electron microscopy
 

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Mass-Thickness and Bragg Contrast

The interaction of electrons with heavy atoms is stronger than with light atoms. If the thickness is homogeneous, areas in which heavy atoms are concentrated appear with darker contrast than such with light atoms (mass contrast). Of course, more electrons are scattered in thick than in thin areas; thus, thick areas appear dark (thickness contrast). However, a thick area with light elements might have the same contrast as a thinner area with heavier atoms. If the sample has crystalline areas, many electrons are strongly scattered by Bragg diffraction (especially if the crystal is oriented along a zone axis with low indices), and this area appears with dark contrast in the BF image as well (diffraction contrast). To summarize, independent of the reason for its scattering, all scattered electron beams are deflected away from the optical axis and blocked by the objective aperture, and thus the corresponding areas appear dark in the BF-image. Generally, mass-thickness contrast and Bragg contrast are important in bright and dark field imaging.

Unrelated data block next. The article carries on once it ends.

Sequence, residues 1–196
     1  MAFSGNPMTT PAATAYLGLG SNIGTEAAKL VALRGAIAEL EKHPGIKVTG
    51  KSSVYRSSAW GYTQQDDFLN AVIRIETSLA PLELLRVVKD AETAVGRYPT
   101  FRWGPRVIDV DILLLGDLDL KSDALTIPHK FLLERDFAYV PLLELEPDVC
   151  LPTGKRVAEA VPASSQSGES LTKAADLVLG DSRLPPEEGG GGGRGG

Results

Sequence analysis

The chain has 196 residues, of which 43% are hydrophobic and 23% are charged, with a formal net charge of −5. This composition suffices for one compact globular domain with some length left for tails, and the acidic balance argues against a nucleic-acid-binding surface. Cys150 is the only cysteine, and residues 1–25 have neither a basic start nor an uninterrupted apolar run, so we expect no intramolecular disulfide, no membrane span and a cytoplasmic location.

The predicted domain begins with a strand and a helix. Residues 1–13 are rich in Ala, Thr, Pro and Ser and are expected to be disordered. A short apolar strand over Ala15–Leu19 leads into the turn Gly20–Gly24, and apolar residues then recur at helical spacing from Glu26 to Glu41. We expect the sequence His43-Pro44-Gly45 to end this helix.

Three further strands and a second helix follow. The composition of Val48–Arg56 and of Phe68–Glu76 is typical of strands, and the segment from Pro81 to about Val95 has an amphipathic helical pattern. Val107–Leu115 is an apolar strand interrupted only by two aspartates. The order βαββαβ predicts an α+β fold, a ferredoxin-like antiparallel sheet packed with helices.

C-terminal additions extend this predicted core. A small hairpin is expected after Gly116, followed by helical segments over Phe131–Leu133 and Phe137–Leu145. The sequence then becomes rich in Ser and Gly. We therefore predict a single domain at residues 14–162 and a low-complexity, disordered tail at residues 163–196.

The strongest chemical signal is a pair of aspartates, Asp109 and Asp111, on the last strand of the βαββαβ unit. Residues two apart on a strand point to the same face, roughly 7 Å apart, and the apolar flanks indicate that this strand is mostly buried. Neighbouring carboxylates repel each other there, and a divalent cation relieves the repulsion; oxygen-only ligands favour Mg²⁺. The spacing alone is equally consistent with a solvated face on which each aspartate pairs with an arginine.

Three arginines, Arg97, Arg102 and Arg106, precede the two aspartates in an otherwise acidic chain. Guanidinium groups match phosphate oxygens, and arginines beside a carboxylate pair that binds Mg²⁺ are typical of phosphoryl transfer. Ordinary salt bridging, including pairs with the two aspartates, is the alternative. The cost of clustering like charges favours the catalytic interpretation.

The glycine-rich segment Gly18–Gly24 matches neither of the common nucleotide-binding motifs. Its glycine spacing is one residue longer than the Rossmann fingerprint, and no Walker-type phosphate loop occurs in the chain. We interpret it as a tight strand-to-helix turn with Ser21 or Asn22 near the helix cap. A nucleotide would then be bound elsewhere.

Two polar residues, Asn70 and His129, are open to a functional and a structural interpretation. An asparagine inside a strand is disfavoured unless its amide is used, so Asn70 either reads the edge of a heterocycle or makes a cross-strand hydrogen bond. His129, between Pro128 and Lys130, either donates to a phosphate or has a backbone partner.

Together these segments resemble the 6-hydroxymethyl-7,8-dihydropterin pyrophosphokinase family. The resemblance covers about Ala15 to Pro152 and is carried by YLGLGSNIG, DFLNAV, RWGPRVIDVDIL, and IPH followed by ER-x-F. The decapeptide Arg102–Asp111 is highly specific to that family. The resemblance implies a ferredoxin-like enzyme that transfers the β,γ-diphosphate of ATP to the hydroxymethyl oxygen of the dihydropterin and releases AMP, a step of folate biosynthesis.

Contrast generation in BF mode (only the direct beam contributes to the image). Areas that contain heavy atoms or are thick appear dark.

ETH Zürich | ETH chemistry department | ETH inorganic chemistry

modified: 6 February, 2015 by F. Krumeich | © ETH Zürich and the authors